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Edward Seitz Shumaker papers

Edward Seitz Shumaker papers

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Edward Seitz Shumaker papers MSD.1895.002

Class of 1895

Archives of DePauw University and Indiana United Methodism
11 E. Larabee Street
Greencastle, IN
765-658-4406
archives@depauw.edu

1/30/2012



Profile Description

Creation: This finding aid was produced using the Archivists' Toolkit 2017-03-15T14:36-0400
Language: Description is in English.

Repository: Archives of DePauw University and Indiana United Methodism
Title: Edward Seitz Shumaker papers
Dates: 1873-1948
Quantity: 2.78 Cubic feet, 5 document cases (92 folders, oversize material), panorama photo, autobiographical volume
Identification: MSD.1895.002
Language:

Collection Statement

The collection contains Anti-Saloon League materials, clippings, essay books, photographs, posters, sermons, speeches, trial records, correspondence and several other items related to the life of Edward Shumaker. All folders are arranged alphabetically by subject except correspondence, located in DC 2617. Correspondence is arranged chronologically.


Biographical Sketch

Edward Seitz Shumaker, eldest son of David W. and Sarah Ann Seitz Shumaker, was born in 1867 in Greenville, Ohio. He graduated from DePauw University in 1895 and received his D.D. in 1918. He married Lena Truax in 1896 and she died in 1899. He then married Flora Holliger in 1900. He had five children: Lois W., Albert E., Paul R., Charles W. and Arthur W. He was a student pastor at Bainbridge and Knightsville Methodist Churches. He entered the Northwest Indiana Conference and had appointments in Plainfield; Maple Avenue, Terre Haute; and Williamsport. Edward Shumaker was a prominent leader of prohibition forces in Indiana in the early 20th century and was head of the Indiana Anti-Saloon League. He was editor of Indiana edition “American Issue,” 1907-1915. In 1929, at the age of 62, he served time in the Indiana State Farm at Putnamville for 53 days for contempt of court. Dr. Shumaker publicly criticized the Indiana Supreme Court in the Anti-Saloon League’s annual report for its decision in liquor cases. He was sentenced on Aug. 4, 1927, to serve 60 days at the State Farm. After various legal delays, Dr. Shumaker announced in October 1928, that he was ready to serve his sentence. When he arrived at Putnamville, he was met by a pardon from Governor Ed Jackson and was released upon payment of a $250 fine which accompanied the sentence. After Shumaker’s release, attorney general of Indiana, Arthur L. Gilliom, filed a motion with the Supreme Court for Shumaker to be recommitted to the penal farm, contending that the Governor had no power to set aside a contempt sentence. The Supreme Court upheld Gilliom’s motion. A habeas corpus petition then was filed in Federal District Court. Robert Baltzell, judge of the Federal District Court for Southern Indiana, then held that the Indiana Supreme Court had the right to declare invalid the governor’s pardon. He refused the habeas corpus petition. Shumaker began serving his term in January 1929 and was released April 4, 1929. He died in October of the same year.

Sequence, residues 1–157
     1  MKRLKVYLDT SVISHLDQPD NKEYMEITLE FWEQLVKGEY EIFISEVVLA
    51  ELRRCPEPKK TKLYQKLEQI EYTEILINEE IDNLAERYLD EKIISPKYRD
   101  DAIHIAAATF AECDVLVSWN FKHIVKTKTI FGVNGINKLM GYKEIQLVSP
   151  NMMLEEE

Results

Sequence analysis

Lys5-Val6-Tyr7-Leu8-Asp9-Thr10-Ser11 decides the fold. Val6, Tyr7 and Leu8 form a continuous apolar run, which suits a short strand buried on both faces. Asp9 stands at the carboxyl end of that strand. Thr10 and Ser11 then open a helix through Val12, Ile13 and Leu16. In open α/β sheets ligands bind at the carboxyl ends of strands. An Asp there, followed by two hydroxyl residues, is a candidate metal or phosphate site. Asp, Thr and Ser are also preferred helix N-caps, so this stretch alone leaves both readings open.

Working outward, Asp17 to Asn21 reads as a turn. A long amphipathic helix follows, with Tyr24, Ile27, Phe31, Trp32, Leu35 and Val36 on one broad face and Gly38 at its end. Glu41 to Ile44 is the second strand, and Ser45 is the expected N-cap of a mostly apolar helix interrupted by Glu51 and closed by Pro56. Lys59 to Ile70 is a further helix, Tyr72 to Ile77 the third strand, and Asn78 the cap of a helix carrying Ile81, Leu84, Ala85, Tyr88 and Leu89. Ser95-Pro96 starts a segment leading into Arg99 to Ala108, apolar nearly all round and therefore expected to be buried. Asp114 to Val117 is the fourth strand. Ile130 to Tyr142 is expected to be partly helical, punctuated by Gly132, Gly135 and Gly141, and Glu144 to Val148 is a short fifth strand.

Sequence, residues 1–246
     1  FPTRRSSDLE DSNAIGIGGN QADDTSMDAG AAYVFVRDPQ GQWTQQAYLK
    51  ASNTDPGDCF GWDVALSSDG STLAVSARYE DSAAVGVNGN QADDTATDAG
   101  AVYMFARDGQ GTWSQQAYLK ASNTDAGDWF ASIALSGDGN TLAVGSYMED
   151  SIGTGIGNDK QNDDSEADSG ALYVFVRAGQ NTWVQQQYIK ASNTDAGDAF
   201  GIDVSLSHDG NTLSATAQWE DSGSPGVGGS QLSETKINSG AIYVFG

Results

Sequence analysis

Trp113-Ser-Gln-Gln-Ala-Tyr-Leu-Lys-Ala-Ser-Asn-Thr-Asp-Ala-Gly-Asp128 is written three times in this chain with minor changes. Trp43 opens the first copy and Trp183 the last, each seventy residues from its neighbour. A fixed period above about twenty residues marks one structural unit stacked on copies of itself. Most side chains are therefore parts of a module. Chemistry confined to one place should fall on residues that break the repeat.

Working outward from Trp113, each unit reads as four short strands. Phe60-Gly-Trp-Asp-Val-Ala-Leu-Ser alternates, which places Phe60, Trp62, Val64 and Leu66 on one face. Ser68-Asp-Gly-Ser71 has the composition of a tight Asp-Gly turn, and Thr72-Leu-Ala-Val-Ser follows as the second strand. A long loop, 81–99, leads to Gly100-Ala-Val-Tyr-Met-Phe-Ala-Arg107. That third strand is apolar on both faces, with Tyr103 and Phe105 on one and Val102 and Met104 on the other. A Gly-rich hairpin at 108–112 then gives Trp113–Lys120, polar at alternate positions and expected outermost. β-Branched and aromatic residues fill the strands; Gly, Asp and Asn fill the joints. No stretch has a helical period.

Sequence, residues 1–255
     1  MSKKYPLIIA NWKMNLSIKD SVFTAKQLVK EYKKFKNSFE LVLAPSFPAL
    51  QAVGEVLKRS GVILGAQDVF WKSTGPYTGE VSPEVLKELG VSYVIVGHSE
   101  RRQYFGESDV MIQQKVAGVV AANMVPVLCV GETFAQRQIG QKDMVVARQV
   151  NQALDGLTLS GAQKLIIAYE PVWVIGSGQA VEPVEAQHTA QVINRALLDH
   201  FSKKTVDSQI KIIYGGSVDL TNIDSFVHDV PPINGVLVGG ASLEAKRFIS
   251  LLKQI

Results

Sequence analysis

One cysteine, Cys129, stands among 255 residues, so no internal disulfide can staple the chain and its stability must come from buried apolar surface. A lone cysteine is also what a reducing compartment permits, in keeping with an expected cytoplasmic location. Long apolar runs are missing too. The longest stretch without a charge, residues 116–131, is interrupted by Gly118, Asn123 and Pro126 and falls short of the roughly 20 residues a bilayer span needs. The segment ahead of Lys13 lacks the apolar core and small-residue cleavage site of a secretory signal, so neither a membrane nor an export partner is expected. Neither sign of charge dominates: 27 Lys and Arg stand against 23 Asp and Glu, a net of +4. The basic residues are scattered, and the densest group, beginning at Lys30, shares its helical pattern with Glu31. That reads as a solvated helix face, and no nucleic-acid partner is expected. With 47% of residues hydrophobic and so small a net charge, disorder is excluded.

Anti-Saloon League of Indiana.
Clergy
Manuscripts of alumni. Class of 1895.
Methodist Church
Shumaker, Edward Seitz, 1867-1929, class of 1895
Temperance

Restrictions

Access Restrictions

Collection is open for research.

Usage Restrictions

Copyright interests for this collection have been transferred to DePauw University.


Related Material

In Methodist vertical file: Jason S. Lantzer essay, The Origin of Indiana's Dry Leader: The Reverend Edward S. Shumaker and Midwestern Dry Culture. The Journal of the Gilded Age and Progressive Era. Volume 6, Number 1, January 2007.

Prohibition is Here to Stay: the Reverend Edward S. Shumaker and the rise and fall of dry culture in America, DePauw volumes, v. 1000.


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